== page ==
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The People of Pakistan, Education

Azam University, University of Peshawar, Lahore University of Management Sciences, University of Sindh, free primary education

Pakistan has one of the lowest literacy rates in the world. In 2001 only 65 percent of adult Pakistanis were literate. Male literacy was 77.7 percent, while female literacy was 51.5 percent. From 1976 to 2001 the number of primary schools doubled, but so did the population. High levels of population growth continue to hamper educational development in the country. The government launched a nationwide initiative in 1998 with the aim of eradicating illiteracy and providing a basic education to all children.

According to the constitution, it is the stateís responsibility to provide free primary education. Five years has been established as the period of primary school attendance, but attendance is not compulsory. While the enrollment rate in primary school is high for boys, less than one-half of girls attend school. In the 1998 school year 86 percent of primary school-aged children were enrolled in school, while only 37 percent of secondary school-aged children attended. In 1996, 3.5 percent of Pakistanís college-aged population attended institutions of higher education. The wealthiest and best students seek education in British and American universities.

At the time of independence Pakistan had only one university, the University of the Punjab, founded in 1882 in Lahore. Pakistan now has more than 20 public universities. Among Pakistanís leading public institutions of higher education are Quaid-e-Azam University (1965), in Islamabad, the University of Karachi (1951), the University of Peshawar (1950), and the University of Sindh (1947), near Hyderabad.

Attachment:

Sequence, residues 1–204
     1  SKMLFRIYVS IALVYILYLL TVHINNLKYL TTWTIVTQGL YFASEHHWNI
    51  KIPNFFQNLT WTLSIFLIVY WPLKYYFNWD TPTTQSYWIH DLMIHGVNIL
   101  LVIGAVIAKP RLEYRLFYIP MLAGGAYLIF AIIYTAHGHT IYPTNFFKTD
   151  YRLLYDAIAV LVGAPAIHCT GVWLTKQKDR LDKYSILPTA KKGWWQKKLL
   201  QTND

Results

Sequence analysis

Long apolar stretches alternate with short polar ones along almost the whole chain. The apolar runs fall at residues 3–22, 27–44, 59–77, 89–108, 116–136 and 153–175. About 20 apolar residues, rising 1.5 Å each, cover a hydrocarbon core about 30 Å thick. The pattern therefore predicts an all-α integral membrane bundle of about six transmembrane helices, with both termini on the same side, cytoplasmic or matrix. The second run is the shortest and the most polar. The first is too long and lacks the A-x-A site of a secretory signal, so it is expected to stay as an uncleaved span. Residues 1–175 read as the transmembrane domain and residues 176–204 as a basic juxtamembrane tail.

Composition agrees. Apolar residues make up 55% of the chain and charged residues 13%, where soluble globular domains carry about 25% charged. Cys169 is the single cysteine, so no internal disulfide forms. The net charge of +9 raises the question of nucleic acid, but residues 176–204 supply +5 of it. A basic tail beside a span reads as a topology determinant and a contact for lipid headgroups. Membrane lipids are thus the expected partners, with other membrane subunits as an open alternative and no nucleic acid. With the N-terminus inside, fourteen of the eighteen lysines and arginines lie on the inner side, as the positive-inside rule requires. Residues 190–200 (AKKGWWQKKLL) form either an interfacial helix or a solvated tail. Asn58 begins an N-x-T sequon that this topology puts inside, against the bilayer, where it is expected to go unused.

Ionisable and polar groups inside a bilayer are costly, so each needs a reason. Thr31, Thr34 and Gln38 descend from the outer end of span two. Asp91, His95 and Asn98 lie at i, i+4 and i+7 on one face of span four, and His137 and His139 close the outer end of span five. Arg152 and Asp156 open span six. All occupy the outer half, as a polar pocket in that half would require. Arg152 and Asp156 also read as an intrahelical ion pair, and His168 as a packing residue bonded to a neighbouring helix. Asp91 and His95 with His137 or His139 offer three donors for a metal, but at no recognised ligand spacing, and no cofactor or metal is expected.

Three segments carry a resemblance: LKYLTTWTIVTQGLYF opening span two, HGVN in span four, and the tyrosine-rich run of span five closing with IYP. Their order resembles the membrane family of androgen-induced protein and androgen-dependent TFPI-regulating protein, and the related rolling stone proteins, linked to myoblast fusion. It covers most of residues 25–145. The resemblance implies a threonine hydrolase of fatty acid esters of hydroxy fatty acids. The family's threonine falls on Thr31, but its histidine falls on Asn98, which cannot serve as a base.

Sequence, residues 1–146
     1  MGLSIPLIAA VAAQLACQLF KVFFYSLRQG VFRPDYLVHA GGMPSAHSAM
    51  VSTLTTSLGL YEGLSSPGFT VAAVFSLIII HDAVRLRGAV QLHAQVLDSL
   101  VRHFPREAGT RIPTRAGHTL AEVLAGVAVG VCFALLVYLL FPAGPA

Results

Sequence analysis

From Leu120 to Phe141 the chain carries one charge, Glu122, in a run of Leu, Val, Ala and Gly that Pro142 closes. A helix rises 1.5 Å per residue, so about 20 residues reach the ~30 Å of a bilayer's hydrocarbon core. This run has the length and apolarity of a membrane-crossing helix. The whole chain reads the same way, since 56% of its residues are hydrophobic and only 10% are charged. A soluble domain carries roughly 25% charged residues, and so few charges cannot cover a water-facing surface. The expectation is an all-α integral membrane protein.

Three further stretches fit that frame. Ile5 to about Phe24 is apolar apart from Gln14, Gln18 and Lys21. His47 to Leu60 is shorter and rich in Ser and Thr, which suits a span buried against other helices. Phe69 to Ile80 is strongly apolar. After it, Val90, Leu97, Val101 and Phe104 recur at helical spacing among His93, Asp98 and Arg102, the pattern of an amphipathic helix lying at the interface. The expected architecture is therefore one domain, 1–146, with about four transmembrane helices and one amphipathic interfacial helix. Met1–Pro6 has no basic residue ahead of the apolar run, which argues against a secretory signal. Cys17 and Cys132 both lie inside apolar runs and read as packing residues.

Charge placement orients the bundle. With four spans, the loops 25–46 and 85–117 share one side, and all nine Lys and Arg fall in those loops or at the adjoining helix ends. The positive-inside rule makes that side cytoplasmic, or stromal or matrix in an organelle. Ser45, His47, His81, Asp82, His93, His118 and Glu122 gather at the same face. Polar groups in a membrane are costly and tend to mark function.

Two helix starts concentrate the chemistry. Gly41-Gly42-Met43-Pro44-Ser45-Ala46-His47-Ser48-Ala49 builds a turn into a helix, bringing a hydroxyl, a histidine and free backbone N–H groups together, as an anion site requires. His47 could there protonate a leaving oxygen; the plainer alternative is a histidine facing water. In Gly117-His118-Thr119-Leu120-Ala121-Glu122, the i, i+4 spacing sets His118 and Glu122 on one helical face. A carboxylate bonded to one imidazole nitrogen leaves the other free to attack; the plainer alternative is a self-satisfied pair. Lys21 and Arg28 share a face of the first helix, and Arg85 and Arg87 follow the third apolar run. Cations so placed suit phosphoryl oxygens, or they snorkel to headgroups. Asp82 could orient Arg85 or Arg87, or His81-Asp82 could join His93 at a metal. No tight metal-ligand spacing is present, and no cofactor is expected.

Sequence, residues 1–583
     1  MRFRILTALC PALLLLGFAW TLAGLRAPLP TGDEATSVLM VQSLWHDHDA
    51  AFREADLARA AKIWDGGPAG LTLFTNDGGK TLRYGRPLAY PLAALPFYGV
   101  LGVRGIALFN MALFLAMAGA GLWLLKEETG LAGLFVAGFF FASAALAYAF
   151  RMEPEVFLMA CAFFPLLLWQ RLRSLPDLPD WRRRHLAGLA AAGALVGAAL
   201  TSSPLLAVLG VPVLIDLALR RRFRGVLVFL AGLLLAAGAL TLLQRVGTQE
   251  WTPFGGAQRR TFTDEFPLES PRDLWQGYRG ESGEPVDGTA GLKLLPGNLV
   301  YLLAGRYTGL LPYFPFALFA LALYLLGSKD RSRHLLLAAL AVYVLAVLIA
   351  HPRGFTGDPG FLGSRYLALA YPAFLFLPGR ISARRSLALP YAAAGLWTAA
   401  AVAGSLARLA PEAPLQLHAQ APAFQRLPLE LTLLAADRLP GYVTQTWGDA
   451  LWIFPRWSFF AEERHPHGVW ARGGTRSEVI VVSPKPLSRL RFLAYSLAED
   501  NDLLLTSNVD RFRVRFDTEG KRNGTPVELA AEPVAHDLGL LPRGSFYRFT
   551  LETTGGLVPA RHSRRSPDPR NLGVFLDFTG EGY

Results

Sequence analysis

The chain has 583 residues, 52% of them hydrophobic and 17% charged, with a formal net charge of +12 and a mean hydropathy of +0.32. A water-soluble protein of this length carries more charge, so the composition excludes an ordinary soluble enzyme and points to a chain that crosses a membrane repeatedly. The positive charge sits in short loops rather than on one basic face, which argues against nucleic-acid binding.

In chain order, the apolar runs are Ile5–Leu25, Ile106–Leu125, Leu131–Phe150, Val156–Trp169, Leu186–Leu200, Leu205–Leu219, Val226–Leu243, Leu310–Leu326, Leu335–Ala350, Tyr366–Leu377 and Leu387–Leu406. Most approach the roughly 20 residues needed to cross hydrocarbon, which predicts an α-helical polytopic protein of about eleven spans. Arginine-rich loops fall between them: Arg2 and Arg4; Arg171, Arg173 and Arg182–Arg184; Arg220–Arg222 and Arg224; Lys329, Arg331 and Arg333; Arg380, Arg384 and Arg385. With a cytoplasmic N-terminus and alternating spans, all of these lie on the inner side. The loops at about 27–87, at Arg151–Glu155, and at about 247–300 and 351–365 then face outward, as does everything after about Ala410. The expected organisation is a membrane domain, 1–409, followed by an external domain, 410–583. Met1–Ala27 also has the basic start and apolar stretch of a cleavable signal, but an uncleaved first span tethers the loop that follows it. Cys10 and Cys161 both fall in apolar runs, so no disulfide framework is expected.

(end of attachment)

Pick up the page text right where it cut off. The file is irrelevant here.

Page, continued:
Since 1978 the government has encouraged the privatization of education at all levels. This led to the creation of three major private universities: Lahore University of Management Sciences (LUMS), Agha Khan University Medical College (in Karachi), and Ghulam Ishaq Khan Institute of Engineering Sciences and Technology (in Topi, North-West Frontier Province). The National University of Sciences and Technology (NUST), in Rawalpindi, conducts research in the fields of science and technology for both the public and private sectors.



Article key phrases:

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